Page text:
" Why goes he forth again — what is the quest,
That from his cottage home, and the warm hearth,
Blest that its warmth is his, carries him forth
By night, into the mazy solitude? "
THE boats, side by side, of Sanutee and Ishiagaska, crossed the river at a point just below Pocota-ligo. It was there that Sanutee landed — the other chief continued his progress to the town. But a few words, and those of stern resolve, passed between them at separation; but those words were volumes in Yemassee history. They were the words of revolution and strife, and announced the preparation of the people not less than of the two chiefs, for the commencement, with brief delay, of that struggle with their English neighbours, which was now the most prominent idea in their minds. The night was fixed among them for the outbreak, the several commands arranged, and the intelligence brought by the sailor informed them of a contemplated attack of the Spaniards by sea upon the Carolinian settlements, while, at the same time, another body was in progress, over land, to coalesce with them in their operations. This latter force could not be very far distant, and it was understood that when the scouts should return with accounts of its approach, the signal should be given for the general massacre.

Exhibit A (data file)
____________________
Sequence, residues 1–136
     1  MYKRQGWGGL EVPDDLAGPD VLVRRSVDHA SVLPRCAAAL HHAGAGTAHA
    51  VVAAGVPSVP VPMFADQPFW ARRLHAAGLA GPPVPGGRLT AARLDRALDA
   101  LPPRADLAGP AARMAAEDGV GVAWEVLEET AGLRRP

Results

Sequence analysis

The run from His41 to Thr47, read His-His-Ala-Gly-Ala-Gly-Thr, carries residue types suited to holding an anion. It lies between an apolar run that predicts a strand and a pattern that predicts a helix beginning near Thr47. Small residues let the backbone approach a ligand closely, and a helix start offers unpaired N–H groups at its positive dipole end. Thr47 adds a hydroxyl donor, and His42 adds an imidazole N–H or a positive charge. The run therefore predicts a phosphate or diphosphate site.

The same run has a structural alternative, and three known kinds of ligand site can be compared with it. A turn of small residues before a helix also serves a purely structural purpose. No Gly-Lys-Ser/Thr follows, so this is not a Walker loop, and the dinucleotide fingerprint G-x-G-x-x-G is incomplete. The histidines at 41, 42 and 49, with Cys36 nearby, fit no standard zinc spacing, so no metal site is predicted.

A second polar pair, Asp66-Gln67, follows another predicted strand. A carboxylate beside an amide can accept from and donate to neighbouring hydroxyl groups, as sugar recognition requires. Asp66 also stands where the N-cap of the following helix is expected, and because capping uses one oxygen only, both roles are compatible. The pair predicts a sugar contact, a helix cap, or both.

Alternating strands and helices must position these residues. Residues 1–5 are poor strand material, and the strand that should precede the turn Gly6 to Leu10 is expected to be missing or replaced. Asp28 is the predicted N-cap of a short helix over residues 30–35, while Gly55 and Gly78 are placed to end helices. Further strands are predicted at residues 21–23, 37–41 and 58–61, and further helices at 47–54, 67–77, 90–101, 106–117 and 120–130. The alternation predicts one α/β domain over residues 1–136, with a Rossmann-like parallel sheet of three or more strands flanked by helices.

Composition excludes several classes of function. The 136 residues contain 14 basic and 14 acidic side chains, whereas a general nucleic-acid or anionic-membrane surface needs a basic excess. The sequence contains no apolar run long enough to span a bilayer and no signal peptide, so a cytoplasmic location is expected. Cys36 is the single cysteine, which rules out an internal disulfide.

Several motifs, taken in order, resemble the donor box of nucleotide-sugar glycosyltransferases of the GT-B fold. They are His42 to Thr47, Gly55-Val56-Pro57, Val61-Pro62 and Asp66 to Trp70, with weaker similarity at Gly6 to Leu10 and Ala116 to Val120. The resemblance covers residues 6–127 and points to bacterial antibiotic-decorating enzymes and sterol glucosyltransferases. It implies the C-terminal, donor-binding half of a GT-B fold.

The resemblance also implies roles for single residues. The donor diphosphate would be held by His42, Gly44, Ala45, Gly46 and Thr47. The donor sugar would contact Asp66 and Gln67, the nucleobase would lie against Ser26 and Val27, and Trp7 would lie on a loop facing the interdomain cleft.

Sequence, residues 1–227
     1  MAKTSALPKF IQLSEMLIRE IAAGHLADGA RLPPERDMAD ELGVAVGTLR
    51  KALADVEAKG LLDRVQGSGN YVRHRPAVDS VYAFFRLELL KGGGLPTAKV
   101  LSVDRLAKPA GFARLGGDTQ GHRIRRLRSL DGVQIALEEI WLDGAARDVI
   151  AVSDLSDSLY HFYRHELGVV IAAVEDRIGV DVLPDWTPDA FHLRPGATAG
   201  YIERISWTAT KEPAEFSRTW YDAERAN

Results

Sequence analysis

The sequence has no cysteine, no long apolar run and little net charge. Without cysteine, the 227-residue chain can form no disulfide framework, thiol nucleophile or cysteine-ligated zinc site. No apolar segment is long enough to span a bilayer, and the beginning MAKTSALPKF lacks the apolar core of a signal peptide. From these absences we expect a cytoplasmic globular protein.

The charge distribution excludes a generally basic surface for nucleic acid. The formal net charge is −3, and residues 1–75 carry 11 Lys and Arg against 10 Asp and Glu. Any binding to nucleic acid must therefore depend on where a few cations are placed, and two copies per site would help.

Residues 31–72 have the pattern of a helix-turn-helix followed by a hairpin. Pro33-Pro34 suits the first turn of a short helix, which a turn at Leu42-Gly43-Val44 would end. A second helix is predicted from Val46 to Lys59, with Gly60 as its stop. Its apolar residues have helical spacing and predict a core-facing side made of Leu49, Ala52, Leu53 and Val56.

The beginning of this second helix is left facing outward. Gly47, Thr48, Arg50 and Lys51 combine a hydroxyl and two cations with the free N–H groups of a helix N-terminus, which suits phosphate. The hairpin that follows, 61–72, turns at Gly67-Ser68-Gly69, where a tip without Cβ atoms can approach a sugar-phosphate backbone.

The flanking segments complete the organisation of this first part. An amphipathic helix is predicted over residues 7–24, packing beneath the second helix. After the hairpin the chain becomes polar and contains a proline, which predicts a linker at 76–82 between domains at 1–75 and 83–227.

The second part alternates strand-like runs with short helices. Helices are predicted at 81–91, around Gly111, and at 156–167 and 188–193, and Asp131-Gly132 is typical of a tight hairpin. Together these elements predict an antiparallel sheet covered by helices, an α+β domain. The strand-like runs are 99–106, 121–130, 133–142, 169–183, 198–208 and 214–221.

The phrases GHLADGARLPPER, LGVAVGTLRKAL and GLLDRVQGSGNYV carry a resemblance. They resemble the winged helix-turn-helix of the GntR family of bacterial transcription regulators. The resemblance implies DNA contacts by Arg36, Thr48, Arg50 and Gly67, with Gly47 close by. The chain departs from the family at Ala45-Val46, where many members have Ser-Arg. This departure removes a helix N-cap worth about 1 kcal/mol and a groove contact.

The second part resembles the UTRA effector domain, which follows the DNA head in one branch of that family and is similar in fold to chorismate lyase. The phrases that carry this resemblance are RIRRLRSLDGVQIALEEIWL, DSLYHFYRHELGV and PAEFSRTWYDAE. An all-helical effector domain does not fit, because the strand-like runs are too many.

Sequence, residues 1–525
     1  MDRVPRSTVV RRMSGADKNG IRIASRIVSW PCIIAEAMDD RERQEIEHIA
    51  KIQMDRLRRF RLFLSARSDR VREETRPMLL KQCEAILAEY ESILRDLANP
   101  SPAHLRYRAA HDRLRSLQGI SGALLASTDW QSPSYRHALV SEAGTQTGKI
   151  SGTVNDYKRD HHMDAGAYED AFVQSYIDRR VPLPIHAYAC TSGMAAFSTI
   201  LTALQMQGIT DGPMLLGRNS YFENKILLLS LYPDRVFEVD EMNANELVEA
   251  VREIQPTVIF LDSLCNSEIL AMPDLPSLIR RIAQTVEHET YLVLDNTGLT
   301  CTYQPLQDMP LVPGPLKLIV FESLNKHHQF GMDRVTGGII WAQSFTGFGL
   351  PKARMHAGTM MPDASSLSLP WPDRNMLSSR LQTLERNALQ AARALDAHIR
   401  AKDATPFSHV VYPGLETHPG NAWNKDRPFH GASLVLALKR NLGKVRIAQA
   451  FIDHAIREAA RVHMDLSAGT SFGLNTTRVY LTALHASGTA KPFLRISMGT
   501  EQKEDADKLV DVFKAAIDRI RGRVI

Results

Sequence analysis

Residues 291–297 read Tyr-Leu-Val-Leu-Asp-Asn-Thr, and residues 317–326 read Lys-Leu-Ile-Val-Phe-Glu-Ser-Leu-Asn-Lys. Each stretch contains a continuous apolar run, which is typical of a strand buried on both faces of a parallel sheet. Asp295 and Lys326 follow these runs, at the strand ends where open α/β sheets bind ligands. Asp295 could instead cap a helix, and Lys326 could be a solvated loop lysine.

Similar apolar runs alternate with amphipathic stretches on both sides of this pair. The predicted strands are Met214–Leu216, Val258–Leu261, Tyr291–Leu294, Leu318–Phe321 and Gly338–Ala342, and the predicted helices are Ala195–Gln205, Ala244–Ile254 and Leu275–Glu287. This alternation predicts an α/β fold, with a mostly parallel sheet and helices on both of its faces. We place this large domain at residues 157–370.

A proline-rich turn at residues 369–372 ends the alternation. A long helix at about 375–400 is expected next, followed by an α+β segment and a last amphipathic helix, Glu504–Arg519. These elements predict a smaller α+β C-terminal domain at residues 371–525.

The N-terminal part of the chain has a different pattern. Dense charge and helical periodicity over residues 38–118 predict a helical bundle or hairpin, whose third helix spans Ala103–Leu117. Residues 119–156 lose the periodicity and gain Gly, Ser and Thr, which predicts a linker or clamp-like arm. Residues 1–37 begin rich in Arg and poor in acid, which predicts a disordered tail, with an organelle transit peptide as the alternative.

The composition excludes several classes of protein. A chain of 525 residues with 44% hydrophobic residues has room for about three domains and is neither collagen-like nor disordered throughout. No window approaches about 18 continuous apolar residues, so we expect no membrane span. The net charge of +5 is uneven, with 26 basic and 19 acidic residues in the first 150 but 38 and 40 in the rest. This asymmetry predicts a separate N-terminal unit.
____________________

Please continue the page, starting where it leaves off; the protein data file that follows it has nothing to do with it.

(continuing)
" They shall die — they shall all perish, and their scalps shall shrivel around the long pole in the lodge of the warrior,"exclaimed Ishiagaska, fiercely, to his brother chief, still speaking in their own language. The response of Sanutee was in a different temper, though recognising the same necessity.
" The Yemassee must be free,"said the elder chief, solemnly, in his sonorous tones —
" The Manneyto will bring him freedom — he will take the burden from his shoulders, and set him up against the tree by the wayside. He will put the bow into his hands — he will strengthen him for the chase; there shall be no pale-faces along the path to rob him of venison — to put blows upon his shoulders. The Yemassee shall be free."